News & Media Updates
A selection of the press coverage about FoldHaus, and updates from the team.
Selections include pieces like FoldHaus’s Shrumen Lumen, which are giant origami mushrooms that light up and respond to the presence of humans...
The show’s name too, ‘No Spectators’, is as much an invitation as it is a maxim for visitors. Atkinson wants you to get involved, neatly circling back to one of the festival’s Ten Principles: participation. In one room, Shrumen Lumen (2016), an interactive Wonderland-esque installation of five towering origami mushrooms by art and design collective FoldHaus responds to visitors’ movements.
The outré scene of unrestrained revelry and cutting-edge art in Nevada’s Black Rock Desert comes to the Renwick Gallery.
When Burning Man festival–goers get to the temporary Nevada city outside Black Rock City, greeters famously say, "Welcome home, again." While I have never attended the annual weeklong event, I imagine that this feeling of homecoming will resonate for all Burning Man fanatics who visit the Renwick Gallery's latest exhibition No Spectators: The Art of Burning Man, opening today.
On the second floor of the Renwick Gallery, three psychedelic mushrooms are currently heaving in and out and out like giant legume-shaped lungs. Their tops almost touch the ceiling, and they respire – if that’s what you can call it – whenever visitors step on special pads on the floor.
In the low-lit, second-floor room of Washington’s Renwick Gallery, a cluster of three ceiling-height plastic mushrooms glows in a shifting kaleidoscope of neon colors. At each mushrooms’ base is a pad that users can press, causing the sculptures to heave, sigh, and expand in and out.
Video: We are LIVE in Washington, D.C. at the Smithsonian American Art Museum's Renwick Gallery for a sneak preview of the upcoming exhibition No Spectators: The Art of Burning Man.
Shortly after Nora Atkinson was hired in 2014 as a crafts curator at the Renwick Gallery, she pitched a crazy idea — an exhibition dedicated to the art of Burning Man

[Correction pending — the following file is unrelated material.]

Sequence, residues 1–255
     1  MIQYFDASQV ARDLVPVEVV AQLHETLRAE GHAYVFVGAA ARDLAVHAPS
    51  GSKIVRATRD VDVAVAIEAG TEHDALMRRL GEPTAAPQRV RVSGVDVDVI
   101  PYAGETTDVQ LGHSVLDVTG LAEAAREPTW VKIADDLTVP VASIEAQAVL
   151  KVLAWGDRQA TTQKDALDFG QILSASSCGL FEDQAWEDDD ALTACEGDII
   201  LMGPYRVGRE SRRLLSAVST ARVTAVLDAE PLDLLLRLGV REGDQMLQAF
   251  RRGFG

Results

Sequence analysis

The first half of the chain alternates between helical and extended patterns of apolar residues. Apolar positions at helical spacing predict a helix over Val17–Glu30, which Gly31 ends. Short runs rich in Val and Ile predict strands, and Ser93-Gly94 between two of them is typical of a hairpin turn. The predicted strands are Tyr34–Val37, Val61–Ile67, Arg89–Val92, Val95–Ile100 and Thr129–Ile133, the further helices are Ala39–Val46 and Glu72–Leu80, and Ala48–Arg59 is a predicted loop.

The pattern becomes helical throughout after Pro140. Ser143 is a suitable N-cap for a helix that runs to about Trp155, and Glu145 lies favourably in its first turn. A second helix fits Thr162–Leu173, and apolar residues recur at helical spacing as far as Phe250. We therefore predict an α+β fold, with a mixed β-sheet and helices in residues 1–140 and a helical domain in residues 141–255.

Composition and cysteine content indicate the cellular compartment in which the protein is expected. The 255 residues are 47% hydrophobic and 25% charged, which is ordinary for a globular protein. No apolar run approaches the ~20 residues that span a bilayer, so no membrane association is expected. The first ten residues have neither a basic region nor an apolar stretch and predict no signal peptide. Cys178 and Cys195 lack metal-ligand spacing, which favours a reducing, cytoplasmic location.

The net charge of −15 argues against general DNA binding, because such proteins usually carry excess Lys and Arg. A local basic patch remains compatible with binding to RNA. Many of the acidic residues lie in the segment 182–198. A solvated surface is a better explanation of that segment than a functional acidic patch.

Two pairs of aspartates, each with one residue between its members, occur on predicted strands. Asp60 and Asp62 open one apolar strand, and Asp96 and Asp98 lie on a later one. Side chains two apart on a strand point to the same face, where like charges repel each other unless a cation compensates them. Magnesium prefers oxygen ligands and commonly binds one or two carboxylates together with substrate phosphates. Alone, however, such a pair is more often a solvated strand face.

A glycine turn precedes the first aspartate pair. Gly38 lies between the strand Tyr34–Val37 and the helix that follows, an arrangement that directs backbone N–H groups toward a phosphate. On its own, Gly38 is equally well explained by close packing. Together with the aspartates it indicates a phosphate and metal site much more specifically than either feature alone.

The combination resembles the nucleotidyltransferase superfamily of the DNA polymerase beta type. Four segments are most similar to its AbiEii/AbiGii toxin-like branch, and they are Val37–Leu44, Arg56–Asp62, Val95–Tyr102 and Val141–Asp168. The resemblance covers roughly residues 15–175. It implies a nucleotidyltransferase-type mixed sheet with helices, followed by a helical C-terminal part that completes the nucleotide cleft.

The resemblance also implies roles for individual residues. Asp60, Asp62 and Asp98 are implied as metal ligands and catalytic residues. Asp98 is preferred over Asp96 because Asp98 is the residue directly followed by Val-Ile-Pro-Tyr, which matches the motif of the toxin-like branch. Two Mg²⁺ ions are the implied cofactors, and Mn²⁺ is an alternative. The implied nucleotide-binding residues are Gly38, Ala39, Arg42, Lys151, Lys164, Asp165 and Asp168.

From ornate temples to colorful mushrooms to larger-than-life animal sculptures, the giant art installations of Burning Man are a hallmark of the free-spirited desert festival. From Black Rock Desert, Nevada, many of these memorable artworks can all be seen in one place at the Smithsonian American Art Museum in Washington D.C. starting March 30.
A generation of volunteers spawned more artists, turning Burning Man into “an informal but very effective art school,” as Mr. Harvey put it. Pointing to these apprentices and what he called “enlightened patronage,” he sees parallels in the blossoming of art at Burning Man and the Italian Renaissance, its art theme in 2016.
The psychedelic stylings of Burning Man will be reaching a wider audience with the installation of No Spectators: The Art of Burning Man in the Smithsonian American Art Museum’s Renwick Gallery in Washington, D.C. Visitors can enjoy photographs, sculptures, and interactive installations from the annual festival, usually just ephemera, only a stones-throw away from the White House.
Over the next nine months, an artful taste of the Nevada desert experience that is Burning Man will occupy the Renwick Gallery and its surrounding neighborhood in the heart of Washington, D.C.’s Golden Triangle.
What's going on behind-the-scenes at the Renwick Gallery? While the Renwick is closed, it's far from dark: artists are installing the large-scale works that will be a part of No Spectators: The Art of Burning Man, opening on March 30.
A photo gallery previewing some of the works shown at the Renwick Gallery.
Want to experience Burning Man without the Nevada desert? Starting March 30, visitors to the Renwick Gallery of the Smithsonian American Art Museum in Washington, D.C., can view actual and reimagined works from the event.
Upstairs stands an equally spectacular exhibit, “Blumen Lumens” made by San Francisco art collective FoldHaus.
Experience light through art and science at KANEKO’s latest exhibition in Omaha, Nebraska where you can interact with the many installations on show from artists including Adam Belt, Circus Family, Corey Broman, Foldhaus, Jason Webb, Refik Anadol, SKYGLOW and Taylor Dean Harrison.
“Kinetic,” a one-of-a-kind exhibition exploring the art, science and wonder of movement, opened in June and remains on display through Oct. 14. It offers no shortage of highlights, including a giant illuminated garden designed by San Francisco-based collaborative FoldHaus. Or six exhibits of modern technology created by the University of Nebraska at Omaha department of biomechanics.
Scottsdale Public Art commissioned artists both local and worldwide to set the Scottsdale Waterfront ablaze with color and whimsy.
The geometry of the mushrooms is based on the folding pattern of an origami ‘magic ball.’ The beauty of that structure is its ability to expand and contract; the challenge is that it’s much harder to control, and, as we found out later, much harder to fold at scale.
When I moved to the Bay Area to join IDEO, I had never even heard of Burning Man. But once I got here, it came up almost every time I showed someone my Ha-Ori shelter, a collapsible origami structure I designed and built while studying at the Royal College of Art in London.